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    In What Sense Can Archives Be Viewed As Political Institutions?

In What Sense Can Archives Be Viewed As Political Institutions?

Aarti Malhotra

Historical archives have been an integral part of looking back and understanding the political past for centuries, but whether archives have the potential to shape the political present is unclear.

In an increasingly digitised world, it is no understatement that data is the highest-valued currency. If data is power, then archives stand unbowed. Still, a question lingers: are archives only powerful from a purely material approach or do they have considerable political implications as well? This paper […]

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    Rethinking A Sustainable Solution to the Rohingya Crisis: Limitations of the World Bank’s Proposal

Rethinking A Sustainable Solution to the Rohingya Crisis: Limitations of the World Bank’s Proposal

 

Kazi Mohammad Jamshed

Washington-based global lender, the World Bank, through concessional lending arms, has gone to bat for Bangladesh to foster its development initiatives since 1972; committing more than $30 billion by backing priorities in economic, social and infrastructural development. Since 2018, this UN affiliated multilateral body, has committed a total $590 million grant to support Bangladesh to confront the […]

The 2019 UK General Election and the Modern Class Cleavage

Written by: Kieran Hurwood

In the 2019 UK General Election, a seismic shift towards the Conservatives took place. Despite having made strong seat gains in 2017, Labour lost 60 seats (54 to Conservatives), many of which were formerly Labour safe seats along the northern English ‘Red Wall’ (BBC, 2019). Journalists and media commentators have since – in my view – […]

April 29th, 2021|Articles|0 Comments|

ExCo Book Club – Lent 2021 – Edition 2

Welcome to the second edition of the LSEUPR ExCo Book Club: twice a term our five executive committee members recommend a book each for students and UPR followers to read. The books may be fiction or non-fiction, but will always have some value to those interested in politics.

“Anti-System Politics: The Crisis of Market Liberalism in Rich Democracies” by Jonathan Hopkin

Recommended […]

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    Recruiting in a digital age: pitfalls and strategies for automated hiring

Recruiting in a digital age: pitfalls and strategies for automated hiring

Written by: Stephanie Sheir

The proliferation of AI has streamlined decision-making in many industries, but has incurred unique costs, creating new opportunities and risks for businesses. The use of large datasets and algorithms to streamline decision-making in the job market is an exemplar of this phenomenon. These algorithms assist recruiters in sorting through candidate pools and purport to remove human […]

March 26th, 2021|Articles, Featured|0 Comments|

The Evaluation Paradox: how partisan politics hinders policy evaluations, and why we should care

Written by: Joe Sloyan

Introduction

Policy evaluation, in the ex-post understanding, describes the ‘assessment of the strengths and weaknesses of public programs and projects’ (Bovens et al: 2009, p.1). Policy evaluation both academically and in common currency is frequently thought of as a common and, above all, objective enterprise. A rationalistic understanding of policy would have us believe that policies are […]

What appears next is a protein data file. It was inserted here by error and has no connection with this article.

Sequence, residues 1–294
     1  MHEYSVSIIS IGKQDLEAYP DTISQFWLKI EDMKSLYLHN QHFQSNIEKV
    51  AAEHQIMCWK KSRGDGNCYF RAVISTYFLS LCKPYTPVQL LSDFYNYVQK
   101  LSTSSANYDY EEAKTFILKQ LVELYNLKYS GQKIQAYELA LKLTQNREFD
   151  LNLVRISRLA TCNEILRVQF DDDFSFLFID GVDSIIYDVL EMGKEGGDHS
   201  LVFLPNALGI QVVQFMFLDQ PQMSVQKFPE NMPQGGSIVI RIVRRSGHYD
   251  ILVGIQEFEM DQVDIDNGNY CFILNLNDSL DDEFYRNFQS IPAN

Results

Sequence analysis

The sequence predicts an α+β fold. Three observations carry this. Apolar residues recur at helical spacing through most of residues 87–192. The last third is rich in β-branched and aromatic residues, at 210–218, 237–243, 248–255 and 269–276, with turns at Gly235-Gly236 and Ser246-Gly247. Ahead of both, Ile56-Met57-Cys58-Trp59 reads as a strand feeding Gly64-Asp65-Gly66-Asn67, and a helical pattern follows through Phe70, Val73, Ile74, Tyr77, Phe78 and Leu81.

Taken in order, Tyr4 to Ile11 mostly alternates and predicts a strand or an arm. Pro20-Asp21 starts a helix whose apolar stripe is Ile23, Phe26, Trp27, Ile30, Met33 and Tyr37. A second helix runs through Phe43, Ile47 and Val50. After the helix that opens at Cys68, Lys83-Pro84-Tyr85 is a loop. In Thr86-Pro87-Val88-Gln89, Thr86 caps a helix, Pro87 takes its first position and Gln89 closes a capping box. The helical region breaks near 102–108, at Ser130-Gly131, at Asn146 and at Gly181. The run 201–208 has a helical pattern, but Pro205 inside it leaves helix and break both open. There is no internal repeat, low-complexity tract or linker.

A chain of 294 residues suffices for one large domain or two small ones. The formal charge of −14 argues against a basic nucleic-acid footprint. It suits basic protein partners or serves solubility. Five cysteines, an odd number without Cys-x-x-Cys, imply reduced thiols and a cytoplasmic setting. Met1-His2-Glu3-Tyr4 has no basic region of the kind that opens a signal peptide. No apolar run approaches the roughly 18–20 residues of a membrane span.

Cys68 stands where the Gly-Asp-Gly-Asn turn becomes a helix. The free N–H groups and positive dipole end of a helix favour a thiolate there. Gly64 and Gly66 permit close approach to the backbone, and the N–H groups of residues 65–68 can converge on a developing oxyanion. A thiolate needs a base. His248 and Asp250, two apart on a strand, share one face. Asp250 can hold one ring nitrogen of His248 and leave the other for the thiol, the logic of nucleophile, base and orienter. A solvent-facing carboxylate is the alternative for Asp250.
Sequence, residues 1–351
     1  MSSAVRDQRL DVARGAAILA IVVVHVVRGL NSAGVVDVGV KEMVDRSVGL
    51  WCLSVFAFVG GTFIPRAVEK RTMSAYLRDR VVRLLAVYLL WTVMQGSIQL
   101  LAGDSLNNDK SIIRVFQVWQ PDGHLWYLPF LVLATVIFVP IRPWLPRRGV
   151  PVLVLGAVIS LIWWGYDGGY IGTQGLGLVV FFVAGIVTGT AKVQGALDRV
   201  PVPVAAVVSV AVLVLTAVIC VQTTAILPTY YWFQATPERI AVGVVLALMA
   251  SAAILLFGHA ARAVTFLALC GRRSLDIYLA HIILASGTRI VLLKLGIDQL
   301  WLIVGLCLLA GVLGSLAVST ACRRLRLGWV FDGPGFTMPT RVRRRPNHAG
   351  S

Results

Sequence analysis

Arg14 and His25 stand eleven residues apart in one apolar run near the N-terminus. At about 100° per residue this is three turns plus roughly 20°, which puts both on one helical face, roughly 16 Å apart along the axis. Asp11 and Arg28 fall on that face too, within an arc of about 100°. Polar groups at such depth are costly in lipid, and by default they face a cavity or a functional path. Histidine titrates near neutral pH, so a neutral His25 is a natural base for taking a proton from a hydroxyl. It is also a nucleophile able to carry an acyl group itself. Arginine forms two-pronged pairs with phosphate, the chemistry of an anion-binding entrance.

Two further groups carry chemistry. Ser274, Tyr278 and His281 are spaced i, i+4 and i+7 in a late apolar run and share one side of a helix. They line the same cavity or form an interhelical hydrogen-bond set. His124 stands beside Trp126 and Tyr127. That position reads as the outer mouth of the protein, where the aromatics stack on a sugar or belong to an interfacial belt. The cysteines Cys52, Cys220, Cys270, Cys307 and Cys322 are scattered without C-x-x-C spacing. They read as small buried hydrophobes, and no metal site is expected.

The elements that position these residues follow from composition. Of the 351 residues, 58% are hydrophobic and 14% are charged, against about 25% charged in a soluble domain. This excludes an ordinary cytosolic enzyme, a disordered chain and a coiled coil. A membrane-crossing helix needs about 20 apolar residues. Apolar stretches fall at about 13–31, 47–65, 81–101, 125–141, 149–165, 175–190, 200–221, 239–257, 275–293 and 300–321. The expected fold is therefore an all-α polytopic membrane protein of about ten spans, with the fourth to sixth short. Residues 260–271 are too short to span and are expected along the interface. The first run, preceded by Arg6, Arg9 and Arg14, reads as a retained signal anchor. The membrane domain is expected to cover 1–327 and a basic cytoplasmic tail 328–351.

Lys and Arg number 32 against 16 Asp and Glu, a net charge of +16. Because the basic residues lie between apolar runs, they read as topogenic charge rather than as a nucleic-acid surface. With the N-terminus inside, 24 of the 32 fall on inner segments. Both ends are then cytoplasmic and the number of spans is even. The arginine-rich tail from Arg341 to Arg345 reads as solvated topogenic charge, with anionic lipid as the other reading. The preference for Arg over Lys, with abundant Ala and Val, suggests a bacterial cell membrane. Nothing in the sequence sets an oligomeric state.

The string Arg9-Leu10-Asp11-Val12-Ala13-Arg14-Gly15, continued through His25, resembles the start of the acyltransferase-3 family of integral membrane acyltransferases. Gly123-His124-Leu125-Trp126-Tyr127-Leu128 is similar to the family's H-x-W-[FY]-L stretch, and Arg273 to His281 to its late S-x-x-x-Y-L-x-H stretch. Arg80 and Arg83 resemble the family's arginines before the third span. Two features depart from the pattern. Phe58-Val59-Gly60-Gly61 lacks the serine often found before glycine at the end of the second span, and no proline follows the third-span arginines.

March 22nd, 2021|Articles|0 Comments|

Records from the refugee crisis: the inconvenient reality

A Review on ‘Lights In The Distance’ by Daniel Trilling

Written by: Leona Klein

‘Lights In The Distance’ is a compelling critique of the EU border system. Yet it comes in a sober shape: as an account of the experiences of Daniel Trilling, a British journalist specialised in migration, human rights, and nationalism. His work from 2018 entwines nine of the […]

March 8th, 2021|Articles|1 Comment|

Debunking the Neoliberal Globalization Success-story 

Written by: Aya Kamil

In the light of China’s continuing industrialization, economic development and structural change (Hirst 2009), the increasing attention paid to the liberalization and growth in other leading Asian economies such as South Korea and India consolidates the positive narrative of economic globalization. The ‘East Asian Miracle’ should not occult the blatant disparities in global growth and development […]

February 18th, 2021|Articles, Featured|0 Comments|

ExCo Book Club – Lent 2021 – Edition 1

Introducing the new LSEUPR ExCo Book Club: twice a term our five executive committee members will recommend a book each for students and UPR followers to read. The books may be fiction or non-fiction, but will always have some value to those interested in politics.

“Doughnut Economics” by Kate Raworth

Recommended by Jintao Zhu, Editor-in-Chief

Although I am an Editor for a […]

February 17th, 2021|Articles, Featured|0 Comments|
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    Identifying with the European Union and the national state: exploration of the interactions between multiple political identities

Identifying with the European Union and the national state: exploration of the interactions between multiple political identities

Written by: Quido Haskovec

1 Introduction

In the context of the dramatic events of the Brexit vote of 2016 and of the ongoing democratic backsliding in Eastern Europe, many have questioned the future of the project of European integration. The future which might seem particularly unstable due to the disparity between the increase of the political powers of the European Union […]

February 16th, 2021|Articles, Featured|0 Comments|